Saturday, January 26, 2013

Tuberous Begonias, Color Photos by Ansel Adams

“The Mockingbird Flower”

September 19, 1950 Life Magazine.

The text reads: U.S BREEDERS GLAMORIZE ONCE HOMELY BEGONIA When Charles Plumier, the French botanist, came upon a strange new flower in the West Indies about 1690, he named it for Santo Domingo’s Governor Michel Begon and took home a specimen.  The begonia was interesting botanically, but it was not very striking: its blooms were small, nondescript and dwarfed by the plant’s jagged leaves.  European horticulturists improved on the tuberous begonia’s looks, but after 200 years it was still a rather plain-looking flower.  About 1920, however, U.S. flower growers became interested in Plumier’s plant and began crossbreeding on a big scale. In 30 years they have transformed the begonia as no other flower has ever been changed so short a time.  The little wildflower has been turned into one of the most spectacular.  Hundreds of new varieties have been created, some bright solid colors, some specked, dome with frills and beards.  Their lush blossoms are often a foot in diameter.  All the begonias on these pages (except the one at the right) are new American types, developed principally in California at the Brown Bulb Ranch and Vetterle and Reinelt farm, which together produce more that 90% of U.S. begonias.  These firms have developed so many new strains, some resembling such well-known flowers as the camellia, rose and carnation the begonia is now referred to as the “mockingbird flower.”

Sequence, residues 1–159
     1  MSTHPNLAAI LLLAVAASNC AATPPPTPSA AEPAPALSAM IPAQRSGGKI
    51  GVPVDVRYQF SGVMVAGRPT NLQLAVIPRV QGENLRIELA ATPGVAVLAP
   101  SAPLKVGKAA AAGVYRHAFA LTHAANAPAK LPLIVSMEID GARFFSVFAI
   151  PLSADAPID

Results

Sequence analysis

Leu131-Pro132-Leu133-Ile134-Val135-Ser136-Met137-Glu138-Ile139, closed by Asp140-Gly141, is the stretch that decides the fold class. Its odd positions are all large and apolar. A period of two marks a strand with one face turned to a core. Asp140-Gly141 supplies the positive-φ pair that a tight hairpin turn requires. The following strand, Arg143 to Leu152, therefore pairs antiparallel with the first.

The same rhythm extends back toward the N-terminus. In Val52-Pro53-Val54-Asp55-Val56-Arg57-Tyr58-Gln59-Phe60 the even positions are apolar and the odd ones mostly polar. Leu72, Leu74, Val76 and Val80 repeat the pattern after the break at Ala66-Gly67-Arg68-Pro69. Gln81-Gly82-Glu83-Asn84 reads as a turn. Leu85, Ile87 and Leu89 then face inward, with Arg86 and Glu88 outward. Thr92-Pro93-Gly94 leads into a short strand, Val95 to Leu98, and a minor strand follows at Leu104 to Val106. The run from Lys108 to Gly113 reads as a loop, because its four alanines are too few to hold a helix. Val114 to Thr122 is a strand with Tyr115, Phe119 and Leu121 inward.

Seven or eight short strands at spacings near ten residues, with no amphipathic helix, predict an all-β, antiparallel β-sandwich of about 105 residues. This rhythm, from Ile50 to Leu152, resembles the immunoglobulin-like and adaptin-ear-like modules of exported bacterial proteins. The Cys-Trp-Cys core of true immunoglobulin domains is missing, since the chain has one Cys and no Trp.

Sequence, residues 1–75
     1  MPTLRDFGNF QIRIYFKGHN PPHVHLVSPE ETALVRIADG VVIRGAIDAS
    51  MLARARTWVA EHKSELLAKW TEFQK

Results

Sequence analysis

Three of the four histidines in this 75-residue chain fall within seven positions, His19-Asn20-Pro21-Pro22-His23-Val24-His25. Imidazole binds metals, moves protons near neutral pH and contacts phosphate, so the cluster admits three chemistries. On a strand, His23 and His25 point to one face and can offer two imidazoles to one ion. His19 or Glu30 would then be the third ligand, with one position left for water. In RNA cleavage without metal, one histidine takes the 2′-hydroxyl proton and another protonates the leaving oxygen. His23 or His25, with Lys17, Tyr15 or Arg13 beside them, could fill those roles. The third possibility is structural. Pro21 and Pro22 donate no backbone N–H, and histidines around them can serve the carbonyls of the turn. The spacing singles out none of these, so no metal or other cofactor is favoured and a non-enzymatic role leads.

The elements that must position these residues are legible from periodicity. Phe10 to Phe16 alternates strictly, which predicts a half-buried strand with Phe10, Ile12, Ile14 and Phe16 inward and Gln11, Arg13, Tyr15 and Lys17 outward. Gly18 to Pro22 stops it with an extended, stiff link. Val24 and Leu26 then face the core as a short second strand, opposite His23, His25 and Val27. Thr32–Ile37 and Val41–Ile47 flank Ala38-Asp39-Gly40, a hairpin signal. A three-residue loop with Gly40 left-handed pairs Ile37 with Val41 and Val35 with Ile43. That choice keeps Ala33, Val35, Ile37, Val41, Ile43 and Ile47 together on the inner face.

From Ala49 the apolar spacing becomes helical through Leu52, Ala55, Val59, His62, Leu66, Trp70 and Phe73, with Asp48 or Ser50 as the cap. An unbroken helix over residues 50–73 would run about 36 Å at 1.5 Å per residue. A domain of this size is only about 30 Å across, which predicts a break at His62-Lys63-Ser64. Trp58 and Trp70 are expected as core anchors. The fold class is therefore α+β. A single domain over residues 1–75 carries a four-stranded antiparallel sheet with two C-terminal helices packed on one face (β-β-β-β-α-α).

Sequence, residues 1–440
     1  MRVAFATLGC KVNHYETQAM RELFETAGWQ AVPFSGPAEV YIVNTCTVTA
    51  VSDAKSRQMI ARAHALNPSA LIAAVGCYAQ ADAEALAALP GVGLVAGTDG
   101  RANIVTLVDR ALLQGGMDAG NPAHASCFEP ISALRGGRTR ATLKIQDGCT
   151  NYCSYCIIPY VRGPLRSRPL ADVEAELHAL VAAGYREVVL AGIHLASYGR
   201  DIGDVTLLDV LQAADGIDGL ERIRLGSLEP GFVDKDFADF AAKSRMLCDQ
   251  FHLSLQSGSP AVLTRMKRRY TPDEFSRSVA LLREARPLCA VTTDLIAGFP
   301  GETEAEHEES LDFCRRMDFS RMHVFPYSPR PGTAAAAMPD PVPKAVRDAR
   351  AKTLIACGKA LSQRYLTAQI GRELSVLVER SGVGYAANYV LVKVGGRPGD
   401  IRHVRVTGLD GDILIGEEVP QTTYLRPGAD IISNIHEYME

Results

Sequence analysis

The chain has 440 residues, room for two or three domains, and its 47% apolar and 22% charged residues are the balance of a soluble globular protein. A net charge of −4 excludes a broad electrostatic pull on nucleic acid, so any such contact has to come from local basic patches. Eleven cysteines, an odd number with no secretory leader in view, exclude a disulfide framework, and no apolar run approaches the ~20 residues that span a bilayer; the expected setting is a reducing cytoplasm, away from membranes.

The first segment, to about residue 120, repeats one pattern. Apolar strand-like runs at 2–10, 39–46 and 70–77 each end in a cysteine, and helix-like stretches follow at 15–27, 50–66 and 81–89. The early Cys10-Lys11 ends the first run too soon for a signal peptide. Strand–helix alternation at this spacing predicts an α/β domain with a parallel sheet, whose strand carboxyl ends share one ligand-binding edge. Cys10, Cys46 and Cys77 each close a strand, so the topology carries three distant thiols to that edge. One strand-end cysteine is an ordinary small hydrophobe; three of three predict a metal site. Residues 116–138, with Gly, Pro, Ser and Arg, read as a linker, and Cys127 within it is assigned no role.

Here in the West we value Ansel Adams, and his photos, very highly.  His black and white photos of our mountains and wild places had a huge influence on our view of wild places and the development of park systems to (ideally) protect them.

The fact is that Ansel Adams took in a lot of “commercial” work to pay the bills.  He was highly regarded as a commercial photographer and the glorious art prints we have come to associate with him did not pay the bills until later in his life.

He wrote to his friend David McAlpin as early as 1938, “I have to do something in the relatively near future to regain the right track in photography. I am literally swamped with “commercial” work — necessary for practical reasons, but very restraining to my creative work.”

As some of you know by now, I work as the begonia breeder for Golden State Bulb Growers, a company that used to be known as the Brown Bulb Ranch.  The Brown Bulb Ranch was located in Capitolia, California, and in 1950 was being run by Worth Brown, son of founder, James Brown.  When Life magazine commissioned this article on begonias, they hired Ansel Adams to do the photography.